MacDonald-LA; Waters-TR; Napolitano-PG; Goddard-DE; Ryan-MA; Nielsen-P; Hudock-SD
Am J Obstet Gynecol 2013 Mar; :[Epub ahead of print]
Empirically-based lifting criteria established by the National Institute for Occupational Safety and Health (NIOSH) to reduce risk of overexertion injuries in the general U.S. working population were evaluated for application to pregnant workers. This report proposes criteria to guide decisions by medical providers about permissible weights for lifting tasks performed at work over the course of an uncomplicated pregnancy. Our evaluation included an extensive review of the literature linking occupational lifting to maternal and fetal health. Although it has been 29 years since the American Medical Associationís (AMA) Council on Scientific Affairs published its report on the Effects of Pregnancy on Work Performance, these guidelines continue to influence clinical decisions and workplace policies. Provisional clinical guidelines derived from the NIOSH lifting criteria are presented that account for recent evidence for maternal and fetal health, and aim to improve the standard of care for pregnant workers.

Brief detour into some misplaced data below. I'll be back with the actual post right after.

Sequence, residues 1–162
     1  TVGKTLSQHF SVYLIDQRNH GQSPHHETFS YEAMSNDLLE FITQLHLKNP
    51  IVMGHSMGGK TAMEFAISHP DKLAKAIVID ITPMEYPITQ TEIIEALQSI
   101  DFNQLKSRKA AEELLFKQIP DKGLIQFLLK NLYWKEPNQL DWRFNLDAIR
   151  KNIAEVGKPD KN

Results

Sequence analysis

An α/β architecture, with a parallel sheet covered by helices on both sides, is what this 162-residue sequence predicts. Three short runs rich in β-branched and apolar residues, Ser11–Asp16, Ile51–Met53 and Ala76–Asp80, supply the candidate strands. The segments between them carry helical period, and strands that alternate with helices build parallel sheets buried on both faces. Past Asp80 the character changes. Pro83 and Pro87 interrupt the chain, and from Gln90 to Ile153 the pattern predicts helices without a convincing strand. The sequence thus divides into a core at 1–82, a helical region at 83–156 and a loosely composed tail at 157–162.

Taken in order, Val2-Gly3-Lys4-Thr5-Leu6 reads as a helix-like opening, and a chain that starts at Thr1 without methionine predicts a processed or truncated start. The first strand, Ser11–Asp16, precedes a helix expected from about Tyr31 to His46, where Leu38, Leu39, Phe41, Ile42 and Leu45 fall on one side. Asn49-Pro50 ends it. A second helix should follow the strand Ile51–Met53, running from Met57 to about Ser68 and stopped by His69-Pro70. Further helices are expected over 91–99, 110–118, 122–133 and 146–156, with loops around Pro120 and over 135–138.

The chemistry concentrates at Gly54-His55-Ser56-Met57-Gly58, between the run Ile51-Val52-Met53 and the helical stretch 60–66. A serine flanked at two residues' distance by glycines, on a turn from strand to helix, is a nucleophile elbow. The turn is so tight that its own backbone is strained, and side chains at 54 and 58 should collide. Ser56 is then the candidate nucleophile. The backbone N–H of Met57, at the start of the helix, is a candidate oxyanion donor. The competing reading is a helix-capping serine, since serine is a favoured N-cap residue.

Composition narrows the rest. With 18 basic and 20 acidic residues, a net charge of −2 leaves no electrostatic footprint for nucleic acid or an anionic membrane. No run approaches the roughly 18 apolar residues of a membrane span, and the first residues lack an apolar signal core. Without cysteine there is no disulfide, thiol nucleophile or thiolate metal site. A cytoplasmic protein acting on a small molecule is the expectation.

Pregnancy; Workers; Work-capability; Worker-health; Work-environment; Physiology; Physiological-factors; Weight-factors; Fetus; Health-protection; Exposure-levels; Exposure-limits; Work-performance; Work-practices;
Author Keywords: lifting; occupational hazard; pregnancy; recommendations
Leslie MacDonald, Sc.D., National Institute for Occupational Safety and Health, 4676 Columbia Parkway, MS R-15, Cincinnati, OH 45226-1998
American Journal of Obstetrics and Gynecology